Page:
Lark debuted in its new location at 5 p.m. Thursday in the Central Agency building, and at a pre-opening walk through chef/owner John Sundstom was admirably calm about the impending opening day. It's an ambitious move, but after ten years making the most of a small kitchen on 12th Ave. it's also a change that makes sense for the James Beard Award-winning chef and partners JM Enos and Kelly Ronan. Lark 2.0 doesn't gain many seats in the dining room with its royal blue mohair booths, but it does include a much larger, open kitchen and expanded, metal-topped bar that seats 16.
The dining room in the fully restored 1917 Auto Row warehouse is long and narrow, but with tall ceilings and big windows the room, which seats 50, feels spacious. Dozens of small hanging Edison bulbs line the ceiling, which Sundstrom says should just need to be changed once every five years -- an eventual pain in the ass worth it for the warm light that fills the space at night.
Sundstrom says about two-thirds of the menu stays true to 12th Ave.'s offerings, with the remaining third including new additions, including Lark's first ever burger. It's made with St. Helen's beef and smoked mayonnaise, served on a buttery homemade bun sprinkled with duck cracklings. Two kinds of bread are made on-site, served tableside with salted butter and smoked lardo, because why not. Also on the menu: Bluebird Grains farro with mascarpone and black trumpet mushrooms, charred octopus with Bomba rice, and foie gras two ways: either as a terrine with pear vanilla compote and brioche or seared with charred sweet onions, PX vinegar, and crispy chicken skin.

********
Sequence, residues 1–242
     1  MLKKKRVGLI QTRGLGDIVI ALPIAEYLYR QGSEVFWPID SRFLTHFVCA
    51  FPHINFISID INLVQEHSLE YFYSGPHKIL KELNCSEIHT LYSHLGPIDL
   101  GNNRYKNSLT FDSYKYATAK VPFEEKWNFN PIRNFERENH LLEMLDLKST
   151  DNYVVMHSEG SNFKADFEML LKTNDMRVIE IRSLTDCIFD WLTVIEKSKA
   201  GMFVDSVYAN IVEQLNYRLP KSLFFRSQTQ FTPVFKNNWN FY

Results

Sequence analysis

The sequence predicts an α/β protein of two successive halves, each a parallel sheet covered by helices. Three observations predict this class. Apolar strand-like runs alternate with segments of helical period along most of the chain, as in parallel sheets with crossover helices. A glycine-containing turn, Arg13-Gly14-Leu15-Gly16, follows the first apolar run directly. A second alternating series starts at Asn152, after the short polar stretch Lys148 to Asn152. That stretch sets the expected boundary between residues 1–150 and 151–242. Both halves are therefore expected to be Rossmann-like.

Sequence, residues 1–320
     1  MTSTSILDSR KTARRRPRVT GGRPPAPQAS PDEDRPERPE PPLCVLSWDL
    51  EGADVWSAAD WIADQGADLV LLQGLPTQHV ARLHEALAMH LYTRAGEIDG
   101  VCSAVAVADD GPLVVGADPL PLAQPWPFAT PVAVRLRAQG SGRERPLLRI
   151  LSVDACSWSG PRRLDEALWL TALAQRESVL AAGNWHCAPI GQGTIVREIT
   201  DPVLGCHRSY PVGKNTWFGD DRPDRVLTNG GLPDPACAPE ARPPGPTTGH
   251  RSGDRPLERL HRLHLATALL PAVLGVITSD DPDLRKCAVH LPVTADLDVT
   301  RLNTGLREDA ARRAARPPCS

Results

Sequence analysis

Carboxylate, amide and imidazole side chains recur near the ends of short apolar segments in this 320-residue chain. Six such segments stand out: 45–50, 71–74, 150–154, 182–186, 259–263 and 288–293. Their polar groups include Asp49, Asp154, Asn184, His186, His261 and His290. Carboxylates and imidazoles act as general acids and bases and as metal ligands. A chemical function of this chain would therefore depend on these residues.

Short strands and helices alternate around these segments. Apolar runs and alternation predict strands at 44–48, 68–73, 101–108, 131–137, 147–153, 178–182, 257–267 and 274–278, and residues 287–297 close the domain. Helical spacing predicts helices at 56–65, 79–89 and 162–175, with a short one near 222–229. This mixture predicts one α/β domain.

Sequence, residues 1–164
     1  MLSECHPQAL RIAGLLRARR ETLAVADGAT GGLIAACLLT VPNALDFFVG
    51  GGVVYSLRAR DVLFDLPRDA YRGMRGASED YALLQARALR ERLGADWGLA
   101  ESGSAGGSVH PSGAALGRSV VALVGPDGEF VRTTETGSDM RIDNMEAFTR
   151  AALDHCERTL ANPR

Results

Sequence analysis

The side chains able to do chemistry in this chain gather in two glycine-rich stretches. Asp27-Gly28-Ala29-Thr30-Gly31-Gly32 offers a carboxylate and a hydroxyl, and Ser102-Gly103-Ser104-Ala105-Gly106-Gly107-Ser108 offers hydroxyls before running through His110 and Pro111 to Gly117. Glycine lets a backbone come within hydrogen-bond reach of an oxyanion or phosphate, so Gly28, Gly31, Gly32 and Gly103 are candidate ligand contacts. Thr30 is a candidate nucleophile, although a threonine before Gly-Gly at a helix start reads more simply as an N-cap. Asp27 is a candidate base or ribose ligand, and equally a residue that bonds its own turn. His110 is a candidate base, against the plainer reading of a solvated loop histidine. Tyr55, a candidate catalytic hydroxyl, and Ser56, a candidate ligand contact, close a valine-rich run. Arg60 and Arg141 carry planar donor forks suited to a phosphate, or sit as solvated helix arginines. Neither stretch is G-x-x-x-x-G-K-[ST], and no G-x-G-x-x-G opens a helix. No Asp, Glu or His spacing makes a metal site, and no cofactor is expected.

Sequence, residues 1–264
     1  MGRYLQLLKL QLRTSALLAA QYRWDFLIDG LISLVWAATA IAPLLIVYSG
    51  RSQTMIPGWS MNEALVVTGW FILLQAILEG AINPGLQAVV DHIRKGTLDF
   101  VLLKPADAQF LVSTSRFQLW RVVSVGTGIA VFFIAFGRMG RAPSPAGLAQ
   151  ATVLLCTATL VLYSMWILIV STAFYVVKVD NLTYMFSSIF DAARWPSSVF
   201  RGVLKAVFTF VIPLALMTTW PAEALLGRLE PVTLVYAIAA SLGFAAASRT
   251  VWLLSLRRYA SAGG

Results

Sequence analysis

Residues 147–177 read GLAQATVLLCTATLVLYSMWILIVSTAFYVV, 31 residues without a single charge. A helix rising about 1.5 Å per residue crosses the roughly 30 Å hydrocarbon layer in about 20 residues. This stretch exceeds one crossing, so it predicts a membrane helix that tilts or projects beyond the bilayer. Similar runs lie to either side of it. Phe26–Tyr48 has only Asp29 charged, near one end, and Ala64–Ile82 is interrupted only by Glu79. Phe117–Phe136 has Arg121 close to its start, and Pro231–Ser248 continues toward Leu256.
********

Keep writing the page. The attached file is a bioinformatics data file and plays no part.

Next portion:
The mezzanine overlooking Lark's dining room houses Bitter/Raw. Bitter/Raw seats 60, with a central communal table and rectangular bar. The menu is split in two.
Part one: a raw bar serving oysters, clams, and caviar. There's a fresh sheet that will change every week or two, with diners stamping orders on a sheet of paper, dim sum-style. And riffing off of seafood plates at New York's Balthazar, the bar serves tiered Celebratory platters that range from $50 to $140. The composed plates star Northwest seafood, like Alaskan bay scallop with habanero, persimmon, and mint and Lummi Island uni with ginger ponzu, crispy garlic, and cucumber.
Part two: Sliced-to-order charcuterie served with chutneys and pickles, landjager with two mustards, and lardo "cinnamon toast" (again, why not?) Bitter spirits fill the drink list, including cocktails featuring Cynar and Averna paired with apricot and peach bitters.
Slab Sandwiches + Pie
The third part of Sundstrom's new Central Agency trifecta doesn't open until just before the holidays, but Slab Sandwiches + Pie is almost ready to debut in a sweet space with a separate entrance and its own branding. There's a standup counter for scarfing down a Cuban or 12-hour brisket sandwich, and, come summer, a few red tables will line the street outside. But Slab is mostly a grab-and-go lunch affair, with Vita espresso, pantry essentials, and fresh juice. Sundstrom hopes that with the addition of Vancouver sandwich shop Meat & Bread moving in across the hall, the Central Agency building will become the new center of Capitol Hill's sandwich universe.
Sundstrom says he's sentimental about moving out of the original Lark space but is already renting the room to groups hosting holiday events. He also hints at a possible new concept for the location -- with its prime 12th Ave. address -- beyond private parties. Prediction: 2015 is going to be a big year for team Lark.
Lark and Bitter/Raw, 952 E. Seneca St., Capitol Hill, (206) 323-5275, website, 5 p.m. to 11 p.m. daily